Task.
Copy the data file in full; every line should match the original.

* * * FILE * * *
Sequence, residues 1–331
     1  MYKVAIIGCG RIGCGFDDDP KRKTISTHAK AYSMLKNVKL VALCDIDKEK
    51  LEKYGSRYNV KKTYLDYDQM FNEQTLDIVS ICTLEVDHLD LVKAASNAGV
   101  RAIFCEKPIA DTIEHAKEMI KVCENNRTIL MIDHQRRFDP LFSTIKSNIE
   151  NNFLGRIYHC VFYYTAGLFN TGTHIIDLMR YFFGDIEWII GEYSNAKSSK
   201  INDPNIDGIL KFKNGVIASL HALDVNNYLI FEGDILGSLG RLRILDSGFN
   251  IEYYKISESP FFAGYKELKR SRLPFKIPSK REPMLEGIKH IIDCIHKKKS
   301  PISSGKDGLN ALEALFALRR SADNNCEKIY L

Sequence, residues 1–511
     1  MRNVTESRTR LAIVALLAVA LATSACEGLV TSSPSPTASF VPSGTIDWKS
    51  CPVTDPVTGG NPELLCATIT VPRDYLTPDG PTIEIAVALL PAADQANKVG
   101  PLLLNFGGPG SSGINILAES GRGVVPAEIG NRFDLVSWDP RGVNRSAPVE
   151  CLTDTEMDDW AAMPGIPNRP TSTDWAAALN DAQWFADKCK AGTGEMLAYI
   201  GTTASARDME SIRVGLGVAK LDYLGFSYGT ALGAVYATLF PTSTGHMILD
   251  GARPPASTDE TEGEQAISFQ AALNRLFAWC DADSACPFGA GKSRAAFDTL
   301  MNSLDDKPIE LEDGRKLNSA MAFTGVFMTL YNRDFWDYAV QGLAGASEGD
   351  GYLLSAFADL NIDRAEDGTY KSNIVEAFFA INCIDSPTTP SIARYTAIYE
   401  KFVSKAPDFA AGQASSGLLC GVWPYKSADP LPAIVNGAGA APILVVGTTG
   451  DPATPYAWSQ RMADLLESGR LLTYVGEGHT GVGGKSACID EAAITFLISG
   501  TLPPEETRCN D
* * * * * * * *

Sequence, residues 1–331
     1  MYKVAIIGCG RIGCGFDDDP KRKTISTHAK AYSMLKNVKL VALCDIDKEK
    51  LEKYGSRYNV KKTYLDYDQM FNEQTLDIVS ICTLEVDHLD LVKAASNAGV
   101  RAIFCEKPIA DTIEHAKEMI KVCENNRTIL MIDHQRRFDP LFSTIKSNIE
   151  NNFLGRIYHC VFYYTAGLFN TGTHIIDLMR YFFGDIEWII GEYSNAKSSK
   201  INDPNIDGIL KFKNGVIASL HALDVNNYLI FEGDILGSLG RLRILDSGFN
   251  IEYYKISESP FFAGYKELKR SRLPFKIPSK REPMLEGIKH IIDCIHKKKS
   301  PISSGKDGLN ALEALFALRR SADNNCEKIY L

Sequence, residues 1–511
     1  MRNVTESRTR LAIVALLAVA LATSACEGLV TSSPSPTASF VPSGTIDWKS
    51  CPVTDPVTGG NPELLCATIT VPRDYLTPDG PTIEIAVALL PAADQANKVG
   101  PLLLNFGGPG SSGINILAES GRGVVPAEIG NRFDLVSWDP RGVNRSAPVE
   151  CLTDTEMDDW AAMPGIPNRP TSTDWAAALN DAQWFADKCK AGTGEMLAYI
   201  GTTASARDME SIRVGLGVAK LDYLGFSYGT ALGAVYATLF PTSTGHMILD
   251  GARPPASTDE TEGEQAISFQ AALNRLFAWC DADSACPFGA GKSRAAFDTL
   301  MNSLDDKPIE LEDGRKLNSA MAFTGVFMTL YNRDFWDYAV QGLAGASEGD
   351  GYLLSAFADL NIDRAEDGTY KSNIVEAFFA INCIDSPTTP SIARYTAIYE
   401  KFVSKAPDFA AGQASSGLLC GVWPYKSADP LPAIVNGAGA APILVVGTTG
   451  DPATPYAWSQ RMADLLESGR LLTYVGEGHT GVGGKSACID EAAITFLISG
   501  TLPPEETRCN D